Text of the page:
A stroke is more common among the elderly; however, a significant number—which is on the increase—also occur among people under the age of 45 years. Up to three hours after an individual experiences the first symptom of a stroke is often referred to as the “golden window” because it is the period of time physicians say is crucial for patients to go to a hospital to receive medical care in order to restore blood flow to the brain and minimize or reverse damage.
Sadly, a new national survey by Ronald Reagan UCLA Medical Center, released on January 12, reported that patients under the age of 45 may underestimate the urgency of stroke symptoms and most say they would likely delay going to the hospital for help. “Timely treatment for stroke is probably more important than for almost any other medical problem there is,” explained David Liebeskind, MD, professor of neurology, Director of Outpatient Stroke and Neurovascular Programs and Director of the Neurovascular Imaging Research Core at Ronald Reagan UCLA Medical Center. He added, “There is a very limited window in which to start treatment because the brain is very sensitive to a lack of blood flow or to bleeding, and the longer patients wait, the more devastating the consequences.”
The study authors asked more than 1,000 individuals nationwide what they would be likely to do within the first three hours of experiencing weakness, numbness, difficulty speaking or difficulty seeing, all common symptoms of a stroke. Among those under age 45, only about one out of three said they would be very likely to go to the hospital. An astounding 73% said they would likely wait to see if their symptoms improved. “That’s a real problem,” said Dr. Liebeskind. “We need to educate younger people about the symptoms of stroke and convince them of the urgency of the situation, because the numbers are going up.”
Since the mid-1990’s, the number of young adults between 18-45 discharged from US hospitals after suffering a stroke has soared as much as 53%. It is estimated someone has a stroke about every 40 seconds in the US, totaling almost 800,000 new stroke patients a year. In 2007, Jennifer Reilly was one of them. She said, “I woke up in the middle of the night with an excruciating headache. I was 27 years old, pretty active, pretty healthy and was not prone to headaches. I thought it was a really odd thing that happened.”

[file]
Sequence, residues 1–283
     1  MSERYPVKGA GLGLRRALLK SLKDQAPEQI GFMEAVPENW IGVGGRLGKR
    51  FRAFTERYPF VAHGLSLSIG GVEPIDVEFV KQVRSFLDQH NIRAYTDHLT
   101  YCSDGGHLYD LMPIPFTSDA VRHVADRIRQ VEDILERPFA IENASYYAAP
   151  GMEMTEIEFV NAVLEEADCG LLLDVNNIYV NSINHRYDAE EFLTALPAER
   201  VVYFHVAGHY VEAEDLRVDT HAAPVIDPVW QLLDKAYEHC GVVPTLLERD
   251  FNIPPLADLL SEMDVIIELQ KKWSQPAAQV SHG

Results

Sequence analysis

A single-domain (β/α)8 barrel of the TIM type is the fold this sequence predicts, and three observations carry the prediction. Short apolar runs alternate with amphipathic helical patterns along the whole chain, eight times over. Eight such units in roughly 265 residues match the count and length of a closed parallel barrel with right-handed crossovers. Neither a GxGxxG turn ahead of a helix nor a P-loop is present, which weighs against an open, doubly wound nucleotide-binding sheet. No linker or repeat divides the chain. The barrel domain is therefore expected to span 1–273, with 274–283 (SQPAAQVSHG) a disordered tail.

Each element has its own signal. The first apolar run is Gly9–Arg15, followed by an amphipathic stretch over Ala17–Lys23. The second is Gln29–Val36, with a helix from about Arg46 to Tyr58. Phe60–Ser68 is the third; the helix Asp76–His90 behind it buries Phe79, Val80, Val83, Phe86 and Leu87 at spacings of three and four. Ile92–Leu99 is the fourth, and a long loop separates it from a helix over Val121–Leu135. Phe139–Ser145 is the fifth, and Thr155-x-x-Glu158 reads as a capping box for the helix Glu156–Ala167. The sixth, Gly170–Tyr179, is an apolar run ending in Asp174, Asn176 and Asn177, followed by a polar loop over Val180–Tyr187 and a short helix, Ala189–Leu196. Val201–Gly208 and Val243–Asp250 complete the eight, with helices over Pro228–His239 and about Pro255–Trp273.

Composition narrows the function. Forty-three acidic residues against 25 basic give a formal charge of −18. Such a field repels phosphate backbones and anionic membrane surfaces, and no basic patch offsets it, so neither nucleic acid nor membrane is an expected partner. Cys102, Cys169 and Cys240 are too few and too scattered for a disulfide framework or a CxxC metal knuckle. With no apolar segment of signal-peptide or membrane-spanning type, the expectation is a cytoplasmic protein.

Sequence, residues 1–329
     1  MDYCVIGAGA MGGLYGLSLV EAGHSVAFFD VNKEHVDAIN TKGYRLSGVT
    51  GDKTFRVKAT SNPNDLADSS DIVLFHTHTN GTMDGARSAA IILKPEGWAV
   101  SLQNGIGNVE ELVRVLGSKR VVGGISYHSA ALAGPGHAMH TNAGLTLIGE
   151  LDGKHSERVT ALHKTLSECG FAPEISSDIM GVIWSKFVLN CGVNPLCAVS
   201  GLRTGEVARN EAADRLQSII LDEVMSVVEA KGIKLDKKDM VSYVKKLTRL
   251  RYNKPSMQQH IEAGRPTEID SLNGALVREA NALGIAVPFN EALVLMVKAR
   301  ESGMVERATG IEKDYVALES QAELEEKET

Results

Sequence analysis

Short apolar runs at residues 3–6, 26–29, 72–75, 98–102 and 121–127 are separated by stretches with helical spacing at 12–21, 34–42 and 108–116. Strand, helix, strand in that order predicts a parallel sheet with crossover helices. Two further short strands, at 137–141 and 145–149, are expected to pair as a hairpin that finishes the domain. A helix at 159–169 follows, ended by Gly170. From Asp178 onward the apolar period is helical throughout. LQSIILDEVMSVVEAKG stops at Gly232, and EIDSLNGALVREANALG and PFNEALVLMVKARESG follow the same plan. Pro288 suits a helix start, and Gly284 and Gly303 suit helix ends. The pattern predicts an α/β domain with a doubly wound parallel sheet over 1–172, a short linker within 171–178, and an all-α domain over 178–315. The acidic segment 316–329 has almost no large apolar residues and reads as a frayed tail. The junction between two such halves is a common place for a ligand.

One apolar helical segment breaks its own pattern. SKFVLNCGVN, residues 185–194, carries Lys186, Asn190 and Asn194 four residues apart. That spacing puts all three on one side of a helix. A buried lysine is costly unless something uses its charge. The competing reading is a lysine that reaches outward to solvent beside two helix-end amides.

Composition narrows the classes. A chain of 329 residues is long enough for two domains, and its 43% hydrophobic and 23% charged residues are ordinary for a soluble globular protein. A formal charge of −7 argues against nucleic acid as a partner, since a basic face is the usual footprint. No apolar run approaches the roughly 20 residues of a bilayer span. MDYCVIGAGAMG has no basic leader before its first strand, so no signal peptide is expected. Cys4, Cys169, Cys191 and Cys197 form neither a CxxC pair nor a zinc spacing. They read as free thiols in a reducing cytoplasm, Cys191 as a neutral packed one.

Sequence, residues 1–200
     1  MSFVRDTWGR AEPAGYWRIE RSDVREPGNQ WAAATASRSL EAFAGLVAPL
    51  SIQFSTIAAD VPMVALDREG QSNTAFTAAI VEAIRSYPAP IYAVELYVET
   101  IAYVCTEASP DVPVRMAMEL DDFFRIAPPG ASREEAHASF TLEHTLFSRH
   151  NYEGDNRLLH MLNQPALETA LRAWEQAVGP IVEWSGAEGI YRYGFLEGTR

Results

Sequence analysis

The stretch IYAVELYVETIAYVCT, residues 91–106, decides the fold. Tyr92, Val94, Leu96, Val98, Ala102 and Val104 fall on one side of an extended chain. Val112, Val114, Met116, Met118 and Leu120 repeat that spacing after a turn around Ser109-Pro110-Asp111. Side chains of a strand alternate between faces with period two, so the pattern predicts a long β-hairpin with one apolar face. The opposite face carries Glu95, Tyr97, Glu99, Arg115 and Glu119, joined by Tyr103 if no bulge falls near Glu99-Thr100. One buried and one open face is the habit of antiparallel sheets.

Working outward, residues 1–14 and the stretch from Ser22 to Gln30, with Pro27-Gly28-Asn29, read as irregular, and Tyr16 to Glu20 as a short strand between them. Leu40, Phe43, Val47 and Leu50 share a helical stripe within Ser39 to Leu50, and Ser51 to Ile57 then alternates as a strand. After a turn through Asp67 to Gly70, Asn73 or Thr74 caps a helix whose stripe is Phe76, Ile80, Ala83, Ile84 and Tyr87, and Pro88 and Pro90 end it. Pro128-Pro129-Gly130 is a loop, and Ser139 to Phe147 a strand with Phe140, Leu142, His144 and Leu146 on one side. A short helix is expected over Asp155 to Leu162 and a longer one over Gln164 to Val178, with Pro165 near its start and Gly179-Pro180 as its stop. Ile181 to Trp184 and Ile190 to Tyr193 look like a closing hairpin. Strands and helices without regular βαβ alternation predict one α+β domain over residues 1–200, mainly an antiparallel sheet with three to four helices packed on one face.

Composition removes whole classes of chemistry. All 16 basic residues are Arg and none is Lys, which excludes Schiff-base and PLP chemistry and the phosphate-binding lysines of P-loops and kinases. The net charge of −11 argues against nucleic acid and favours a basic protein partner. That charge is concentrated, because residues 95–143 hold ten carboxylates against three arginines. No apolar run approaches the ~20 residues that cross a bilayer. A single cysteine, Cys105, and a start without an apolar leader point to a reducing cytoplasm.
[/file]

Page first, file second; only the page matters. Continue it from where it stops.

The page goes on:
After arriving at work that day, Ms. Reilly shared her story with a co-worker who insisted she go to the hospital immediately. Reilly eventually ended up at Ronald Reagan UCLA Medical Center where Dr. Liebeskind told her she’d had a stroke. “I was really skeptical,” said Ms. Reilly. “I didn’t have any of what I thought were the classic symptoms of a stroke, nor did I fit the classic description of a stroke patient. I was 27 and healthy.” Ms. Reilly noted that weeks before the headache, she would also experience numbness periodically in one of her hands. “Half of my left hand would turn numb, from just one second to the next,” she said, “but, once again, I brushed it off as if it was nothing.”
Tests revealed that Ms. Reilly’s stroke was caused by a rare condition called moyamoya that slowly causes certain blood vessels in the brain to narrow over time. Most patients (about 85%) suffer what are known as ischemic stroke, during which arteries in the brain become blocked, cutting off oxygen. Ischemic stroke can strike anyone at any age, and is often associated with high blood pressure, diabetes, smoking, and obesity. “The good news is, there are steps we can take to lower our risk of stroke,” explained Dr. Liebeskind. A healthy diet and regular exercise, as well as not smoking and limiting alcohol consumption, have all been shown to lower your risk of stroke.
Just as important as knowing what puts you at a higher risk for stroke, is knowing the symptoms when you see them. Physicians urge you to know the signs of stroke and act “FAST.”
If you or someone near you experiences:
Arm weakness or
Speech difficulty, it’s
Time to call 9-1-1
“Believe it or not, it’s on the order of minutes or hours when somebody has to seek medical attention,” explained Dr. Liebeskind. He added, “There simply is no time to wait. It’s a message that we clearly need to get to younger people more effectively.”